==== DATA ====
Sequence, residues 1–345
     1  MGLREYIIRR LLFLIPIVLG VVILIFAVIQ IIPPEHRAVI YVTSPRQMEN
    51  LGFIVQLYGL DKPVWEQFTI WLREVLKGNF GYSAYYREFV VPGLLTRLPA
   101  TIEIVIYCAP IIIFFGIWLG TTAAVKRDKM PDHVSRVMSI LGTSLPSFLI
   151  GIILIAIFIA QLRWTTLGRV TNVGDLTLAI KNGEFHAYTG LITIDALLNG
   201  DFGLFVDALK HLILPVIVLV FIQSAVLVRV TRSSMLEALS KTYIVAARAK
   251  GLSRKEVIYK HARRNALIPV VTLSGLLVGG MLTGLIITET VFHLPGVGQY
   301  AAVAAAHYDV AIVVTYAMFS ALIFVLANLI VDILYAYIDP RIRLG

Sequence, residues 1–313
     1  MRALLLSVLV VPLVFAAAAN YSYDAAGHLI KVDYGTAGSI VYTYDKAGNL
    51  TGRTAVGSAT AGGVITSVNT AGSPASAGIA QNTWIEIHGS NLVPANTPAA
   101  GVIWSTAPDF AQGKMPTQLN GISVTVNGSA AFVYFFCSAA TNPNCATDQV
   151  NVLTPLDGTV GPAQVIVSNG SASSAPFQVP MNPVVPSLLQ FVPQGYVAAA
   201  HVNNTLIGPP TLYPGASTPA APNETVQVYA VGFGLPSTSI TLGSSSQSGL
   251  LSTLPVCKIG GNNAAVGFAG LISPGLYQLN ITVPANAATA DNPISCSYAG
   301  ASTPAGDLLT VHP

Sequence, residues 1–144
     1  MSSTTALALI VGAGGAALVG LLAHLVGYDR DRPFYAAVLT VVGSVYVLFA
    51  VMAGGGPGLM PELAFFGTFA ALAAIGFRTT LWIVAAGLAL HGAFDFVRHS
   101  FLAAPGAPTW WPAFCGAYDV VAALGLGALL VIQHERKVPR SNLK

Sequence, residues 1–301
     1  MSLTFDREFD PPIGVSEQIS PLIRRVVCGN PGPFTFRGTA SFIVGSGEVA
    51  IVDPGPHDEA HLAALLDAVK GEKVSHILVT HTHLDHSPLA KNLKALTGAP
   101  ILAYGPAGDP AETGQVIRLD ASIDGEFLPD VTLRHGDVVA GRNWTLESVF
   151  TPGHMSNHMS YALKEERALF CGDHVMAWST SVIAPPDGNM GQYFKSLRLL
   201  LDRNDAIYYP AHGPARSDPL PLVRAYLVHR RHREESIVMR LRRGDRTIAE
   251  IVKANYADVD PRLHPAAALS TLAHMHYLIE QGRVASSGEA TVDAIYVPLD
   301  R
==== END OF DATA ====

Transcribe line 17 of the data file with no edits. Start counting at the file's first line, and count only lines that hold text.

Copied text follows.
Sequence, residues 1–144